- I think the colossi just have a really limited range of movement. They aren't actually capable of making a fist, or reaching their back, etc. Whoever made them probably just wanted them to be able to defend themselves. Maybe they didn't even realize someone would be able to climb them.
- Or perhaps after living so long with absolutely no life around at all, they've lost their instincts to fight.
- It is possible that the colossi knew that he had a sword, having been already damaged by it before. They may have feared being damaged further if they actually clenched a fist- you wouldn't close your hand if you had a tack in it, would you?
- I've only fought half of them yet, but so far, I've rarely had the impression that they were really trying to kill me. Only the 8th, the lizard Kuromori, seemed really actively vicious... but when I came into its lair, it seemed trapped in a place too small for it, like a lizard dropped in a bottle, and it heard me coming for it but it didn't know where I was. Poor thing. Vicious, but still. The others seemed to me mostly bothered, confused, or scared. I had the feeling that they knew they were going to be murdered. So my theory is that they all know they're supposed to die Because Destiny Says So, and so they somewhat facilitate it — but still can't help fighting back, to varying degrees, because it hurts and they're scared. The catfish Hydrus and the bird Avion especially could have just stayed away if they really wanted to avoid being killed, and I never really felt threatened during those battles (maybe I went too fast to get attacked?) — I felt like I was the one chasing mostly helpless giant baby monsters to murder them, and they let me.
- It's possible that they're simply incapable of actually using their hands — they seem to be at least partially animated statues intended for mainly ritual purpose, so their human form could be nothing more than something necessary to satisfy supernatural needs. Their hands could just be symbolic things necessary to make them valid vessels for Dormin's power, not limbs actually intended to be used.
Did You Forget That She Was Murdered?
- So... why, in discussions of the ambiguous morality of this game, is it always about the futility of Wander's quest, the sketchiness of necromancy, Dormin being neutral at best and a devil at worst, and how sad all the Colossi dying are (valid points of course), but no one ever brings up that Mono was, oh, ritually murdered? None of this and the implied nastiness in Ico's backstory would have happened if she hadn't been sacrificed.
- Preach it, man.
- This would probably enter the "two lefts don't make a right" argument. While the circumstances of Mono's death are horrifying they don't by themselves justify bringing her back by any means. We can't even really decide just how cruel her sacrifice was without knowing whether a. the curse was real (magic notwithstanding, it could have been superstitious idiocy), b. what it entailed (her being an Apocalypse Maiden or just souring milk by being near it) c. if she agreed to her sacrifice or not and d. whether she'd have wanted wander to make so many sacrifices for her. Not to mention whether said "curse" could be escaped by dying and resurrecting. Still, it's a valid point that she's The Woobie in all of this.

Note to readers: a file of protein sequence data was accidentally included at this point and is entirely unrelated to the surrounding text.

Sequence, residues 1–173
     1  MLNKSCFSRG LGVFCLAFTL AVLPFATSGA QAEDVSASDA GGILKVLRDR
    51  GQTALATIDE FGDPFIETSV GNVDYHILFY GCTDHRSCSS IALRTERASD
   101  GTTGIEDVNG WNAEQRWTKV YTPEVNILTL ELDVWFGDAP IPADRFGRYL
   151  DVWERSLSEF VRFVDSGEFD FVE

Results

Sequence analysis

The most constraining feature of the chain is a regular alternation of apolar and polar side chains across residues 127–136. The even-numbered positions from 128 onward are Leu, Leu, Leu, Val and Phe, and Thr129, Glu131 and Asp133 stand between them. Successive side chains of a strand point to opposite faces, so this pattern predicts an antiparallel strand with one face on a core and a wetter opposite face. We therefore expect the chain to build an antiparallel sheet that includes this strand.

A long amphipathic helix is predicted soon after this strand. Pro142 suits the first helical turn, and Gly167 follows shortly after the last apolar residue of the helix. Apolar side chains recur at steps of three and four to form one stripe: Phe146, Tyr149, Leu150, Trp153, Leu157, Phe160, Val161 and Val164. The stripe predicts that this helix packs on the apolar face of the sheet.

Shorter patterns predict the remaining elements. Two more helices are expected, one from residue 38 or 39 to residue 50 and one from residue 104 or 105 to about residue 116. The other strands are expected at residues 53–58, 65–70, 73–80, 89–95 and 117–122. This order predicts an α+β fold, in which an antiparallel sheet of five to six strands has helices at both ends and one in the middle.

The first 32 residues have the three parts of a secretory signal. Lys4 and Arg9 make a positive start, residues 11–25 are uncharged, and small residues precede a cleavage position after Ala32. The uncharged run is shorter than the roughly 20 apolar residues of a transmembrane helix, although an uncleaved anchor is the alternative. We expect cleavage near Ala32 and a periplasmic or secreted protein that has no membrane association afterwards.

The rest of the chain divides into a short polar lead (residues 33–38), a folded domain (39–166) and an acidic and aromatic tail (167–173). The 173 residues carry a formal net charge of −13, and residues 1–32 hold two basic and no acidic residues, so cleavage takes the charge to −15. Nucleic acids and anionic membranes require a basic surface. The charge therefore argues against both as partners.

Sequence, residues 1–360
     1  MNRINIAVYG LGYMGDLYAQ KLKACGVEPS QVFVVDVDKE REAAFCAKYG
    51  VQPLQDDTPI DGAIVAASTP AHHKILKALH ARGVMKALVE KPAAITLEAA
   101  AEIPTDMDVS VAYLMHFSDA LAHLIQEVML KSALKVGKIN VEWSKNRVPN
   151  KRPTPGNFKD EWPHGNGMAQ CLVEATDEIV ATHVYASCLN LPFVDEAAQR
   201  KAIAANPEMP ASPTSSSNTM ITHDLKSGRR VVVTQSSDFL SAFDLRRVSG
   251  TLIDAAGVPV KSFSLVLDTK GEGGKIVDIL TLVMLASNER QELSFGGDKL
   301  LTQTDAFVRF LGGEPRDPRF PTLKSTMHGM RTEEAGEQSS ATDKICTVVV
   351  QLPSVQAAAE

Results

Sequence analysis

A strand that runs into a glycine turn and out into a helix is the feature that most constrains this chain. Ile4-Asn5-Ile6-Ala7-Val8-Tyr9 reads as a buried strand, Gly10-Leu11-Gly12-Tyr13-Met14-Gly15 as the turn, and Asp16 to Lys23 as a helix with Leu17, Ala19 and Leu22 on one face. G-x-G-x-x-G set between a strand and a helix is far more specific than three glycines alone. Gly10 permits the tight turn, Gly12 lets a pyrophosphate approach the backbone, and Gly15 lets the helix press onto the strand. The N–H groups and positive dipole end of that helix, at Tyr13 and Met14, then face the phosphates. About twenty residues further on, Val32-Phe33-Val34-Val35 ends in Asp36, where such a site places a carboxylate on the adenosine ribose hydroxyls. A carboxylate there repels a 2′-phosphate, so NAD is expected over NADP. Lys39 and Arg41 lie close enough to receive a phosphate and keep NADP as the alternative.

- The truth is, we don't really know how or why she died. There's mention of her being "cursed", and sure, that could mean they sacrificed her because of a real curse, or it could mean that she caught a really really bad case of the flu, died, and the leaders interpreted this as a curse. We don't know why she's dead, or even what Wander's relation is to her.
- The only one who references this curse is Wander, who has a vested interest in making her as sympathetic to Dormin as possible. And as the above Tropers pointed out, we don't know if she was actually cursed or not. "She was sacrificed because she had a cursed fate" could simply mean that they were going to sacrifice someone, and Mono was randomly chosen.
- Mono's voice is the one we sometimes hear when Wander passes out after killing a colossus, and I believe it's Word of God that she's pleading for him to stop what he's doing. It's possible she gave herself up for a sacrifice and wants to stay dead, and not just for Wander's sake.
- Or that she thinks what Wander is doing is far too horrible and she prefers being dead than letting it happen.
- Couldn't bringing back the evil, elaborately sealed god Dormin count as the bad thing that she caused. Perhaps simply a Self-Fulfilling Prophecy.
- Is Dormin actually evil, though? He seems to be a figure of fear and hatred for Emon and his people, and was sealed away... but he never actually does anything bad during the game, nor is there actually a clear indication he did anything bad before the game, either. It's entirely possible from what's in the game that Dormin was just minding his own business and Emon's ancestors decided that the ominous shadow god thing with powers over life and death must be evil and sealed it away.
- While Dormin shows honesty and kindness to Wander, keep in mind that Wander is the key to his resurrection. I doubt Dormin is going to make an ass of himself to the one thing that can bring his body back into existence.
- Still, in the end, he does resurrect Mono, so he kept his end of the bargain.